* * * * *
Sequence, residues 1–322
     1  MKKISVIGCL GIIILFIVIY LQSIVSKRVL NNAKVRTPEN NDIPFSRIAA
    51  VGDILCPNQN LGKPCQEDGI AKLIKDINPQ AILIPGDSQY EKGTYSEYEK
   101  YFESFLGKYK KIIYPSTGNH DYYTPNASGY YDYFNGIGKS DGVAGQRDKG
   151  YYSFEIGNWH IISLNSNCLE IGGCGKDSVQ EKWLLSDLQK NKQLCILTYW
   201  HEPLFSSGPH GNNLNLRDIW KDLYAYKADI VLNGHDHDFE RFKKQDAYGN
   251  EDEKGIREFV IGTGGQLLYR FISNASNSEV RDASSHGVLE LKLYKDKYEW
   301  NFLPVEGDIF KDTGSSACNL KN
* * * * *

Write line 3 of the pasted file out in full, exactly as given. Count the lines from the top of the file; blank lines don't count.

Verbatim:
    51  VGDILCPNQN LGKPCQEDGI AKLIKDINPQ AILIPGDSQY EKGTYSEYEK